Most related to the sectors of banking, insurance, investments/funds, and non-bank credit with the top five products or services complained about being:

    • Current accounts (32% of case files opened);
    • Mortgages (10%);
    • Financial advice (10%);
    • Whole of life insurance (investment) (8%);
    • Health insurance (8%).

    The top four issues raised by complainants related to:

    • Poor administration or delay (32% of case files opened)
    • Mis-selling (24%);
    • Non-payment of claim (14%)
    • Closure of account (12%).
  4. The moths threatening Sark's tomato crop

    BBC Channel Islands News

    Video content

    Video caption: The moths threatening Sark's tomato crop
  5. Public inquiry into new hospital should be completed before Christmas

    Sian Davies

    BBC News Online


    Jersey's planning department hopes to complete the public inquiry into Jersey's new hospital before Christmas.

    The inquiry into the plans will start on 6 November. People will be invited to comment on the planning application.

    Peter Le Gresley, the Director of Development Control, says even though it's a short time scale the work should be completed on time.

  6. Latest weather: Showers continuing into the weekend

    BBC Weather

    The wind and rain will ease late this evening. Clear spells will develop, but we could see a few showers towards dawn. Minimum Temperature: 15C (59F).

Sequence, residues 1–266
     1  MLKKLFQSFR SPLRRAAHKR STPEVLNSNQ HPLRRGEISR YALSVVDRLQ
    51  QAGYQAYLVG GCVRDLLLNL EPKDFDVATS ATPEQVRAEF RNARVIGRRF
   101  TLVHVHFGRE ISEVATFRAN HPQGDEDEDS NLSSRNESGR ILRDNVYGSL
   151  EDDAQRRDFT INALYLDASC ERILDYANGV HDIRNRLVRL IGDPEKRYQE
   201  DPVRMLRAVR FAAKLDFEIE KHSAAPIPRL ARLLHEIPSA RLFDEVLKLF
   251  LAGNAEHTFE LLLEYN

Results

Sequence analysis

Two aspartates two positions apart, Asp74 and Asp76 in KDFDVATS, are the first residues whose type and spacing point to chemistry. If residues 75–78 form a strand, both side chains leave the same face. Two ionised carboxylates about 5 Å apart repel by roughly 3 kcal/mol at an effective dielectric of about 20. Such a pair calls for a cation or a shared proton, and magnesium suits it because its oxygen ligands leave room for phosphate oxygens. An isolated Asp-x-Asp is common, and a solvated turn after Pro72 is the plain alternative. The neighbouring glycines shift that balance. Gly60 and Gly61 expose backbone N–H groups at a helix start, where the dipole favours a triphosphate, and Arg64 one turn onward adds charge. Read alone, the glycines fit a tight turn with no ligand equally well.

Saturday weather

    The showers will continue through Saturday, but they will become often heavy, with the risk of hail and thunder.

    They will linger into the evening and it will be feeling rather cool. Maximum Temperature: 18C (64F).

  7. Jersey to press on with plans for a children's commissioner

    Chris Stone

    BBC Radio Jersey

    Jersey will press on with plans for a children's commissioner - even if Guernsey rejects plans for them to serve both islands.

    The role was proposed in the Independent Jersey Care Inquiry report, and the chief minister said he would begin the appointments process very quickly.

    The inquiry report said that the role of care commissioner should cover all the Channel Islands, and not just Jersey.